August 2013 Archives

Explaining UTF-8


The UTF-8 encoding is not a straight encoding of Unicode code points, but rather a "compromise character encoding" which allows files with just ASCII characters to stay the same size as ASCII, but also include any Unicode code point, regardless of byte size.

If this is sounding a bit confusing, you may want to try this Game Dev article on UTF 8. It's still under review, but it does step through some parts of the the conversion from a Unicode code point to a UTF-8 representation.


Text Expander & Breevy: Great Unicode Input Tools


A Unicode issue many people have is how to enter stray symbols not found within the range of normal entry utilities. For instance as a linguist, I may be entering phonetic symbols, logic symbols or random characters from a variety of languages. These go way beyond the range of "everyday" accented letters

Lately though, I've been introduced to a class of text expander tools such as TextExpander (Mac) and Breevy (Windows) that has truly been a life saver.

What both these tools is allow you to create abbreviation codes for symbols, words, phrases and even entire paragraphs. In my case, I created abbreviations for many phonetic symbols (e.g. "\e" = ə (Schwa) and "\n" = ŋ (Engma)). You can also create codes for math symbols (";all" = (upside down A)), emoticons and icons (;hrt = ♥ (heart)) and even common words or phrases that you use a lot but don't want to type out (;dvrk = Dvořák) or (;rdetr raison d'être) . Actually, I mostly use this tool for full phrases I use a lot in e-mail (e.g. ;lmk = "Let me know what you think.") This is truly a multipurpose linguistic tool!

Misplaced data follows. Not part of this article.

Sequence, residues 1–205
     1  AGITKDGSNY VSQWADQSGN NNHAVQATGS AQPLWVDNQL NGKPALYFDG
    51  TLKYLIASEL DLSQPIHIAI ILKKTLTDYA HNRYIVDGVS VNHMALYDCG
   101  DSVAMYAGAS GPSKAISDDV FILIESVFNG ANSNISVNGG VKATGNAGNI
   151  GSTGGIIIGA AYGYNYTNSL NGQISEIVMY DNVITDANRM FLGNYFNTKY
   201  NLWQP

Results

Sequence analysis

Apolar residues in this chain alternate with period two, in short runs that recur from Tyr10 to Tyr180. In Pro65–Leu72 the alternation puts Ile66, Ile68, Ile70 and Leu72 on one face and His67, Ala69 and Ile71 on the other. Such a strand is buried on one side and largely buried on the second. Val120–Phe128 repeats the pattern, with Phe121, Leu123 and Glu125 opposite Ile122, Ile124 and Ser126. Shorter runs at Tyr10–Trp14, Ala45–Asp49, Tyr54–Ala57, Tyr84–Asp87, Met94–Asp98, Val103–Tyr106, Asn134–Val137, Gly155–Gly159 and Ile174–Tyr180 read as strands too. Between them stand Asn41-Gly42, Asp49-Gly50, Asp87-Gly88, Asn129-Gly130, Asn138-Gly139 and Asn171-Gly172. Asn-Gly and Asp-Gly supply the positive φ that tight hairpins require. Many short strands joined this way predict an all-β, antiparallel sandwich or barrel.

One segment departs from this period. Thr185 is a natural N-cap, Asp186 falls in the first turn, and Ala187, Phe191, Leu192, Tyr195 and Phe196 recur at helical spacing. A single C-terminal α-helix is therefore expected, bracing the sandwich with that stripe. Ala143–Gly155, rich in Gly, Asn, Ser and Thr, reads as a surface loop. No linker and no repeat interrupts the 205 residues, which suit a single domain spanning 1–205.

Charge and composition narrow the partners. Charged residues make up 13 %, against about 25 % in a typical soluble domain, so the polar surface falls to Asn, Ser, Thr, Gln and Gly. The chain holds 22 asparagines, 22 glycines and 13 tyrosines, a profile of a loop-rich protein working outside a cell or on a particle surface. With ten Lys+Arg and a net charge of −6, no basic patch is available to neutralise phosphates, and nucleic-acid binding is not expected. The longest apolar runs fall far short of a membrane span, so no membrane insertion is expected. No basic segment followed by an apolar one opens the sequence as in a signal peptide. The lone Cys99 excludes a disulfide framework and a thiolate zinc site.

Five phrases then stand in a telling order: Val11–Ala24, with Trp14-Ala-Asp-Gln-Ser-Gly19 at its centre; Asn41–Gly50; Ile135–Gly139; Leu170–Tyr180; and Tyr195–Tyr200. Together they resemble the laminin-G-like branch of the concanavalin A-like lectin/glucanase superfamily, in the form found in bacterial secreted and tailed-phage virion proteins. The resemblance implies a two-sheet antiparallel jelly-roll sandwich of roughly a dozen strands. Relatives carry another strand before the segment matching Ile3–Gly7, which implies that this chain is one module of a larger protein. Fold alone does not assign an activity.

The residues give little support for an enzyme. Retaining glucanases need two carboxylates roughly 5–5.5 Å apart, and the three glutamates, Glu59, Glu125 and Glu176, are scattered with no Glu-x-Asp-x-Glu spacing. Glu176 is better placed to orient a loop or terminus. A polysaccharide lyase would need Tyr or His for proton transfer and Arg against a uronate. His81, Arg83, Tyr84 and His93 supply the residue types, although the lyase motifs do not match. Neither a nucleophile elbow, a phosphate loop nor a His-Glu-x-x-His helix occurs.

I've tried lots of input tools in the past, and text expanders have some very nice advantages. One is that the codes work everywhere from e-mail and Facebook to Microsoft Word and Illustrator. Also, since you define the abbreviation, you will be more likely to remember it. Typing numeric codes only goes so far. Finally, I don't have to switch keyboards or open a program just to input one word or phrase. If you are truly working with two languages, then switching is practical, but for sporadic symbols and words/phrases, it's a pain.

There is one drawback in that you have to design your codes so that you won't type them elsewhere. You'd be surprised when a code like "urpr" might misfire when you type "surprised."

Windows 8 & Windows 8.1 Ancient Script and Asian Fonts


Scholars interested in ancient scripts such as Glagoltic, Gothic and Old Hangul may be interested in the new fonts packaged with Windows 8, in particular the updated Segoe UI Symbol font.

Or you could wait for Windows 8.1 when support for Coptic and different scripts of South and Southeast Asia will be added.


About The Blog

I am a Penn State technology specialist with a degree in linguistics and have maintained the Penn State Computing with Accents page since 2000.

See Elizabeth Pyatt's Homepage ( for a profile.


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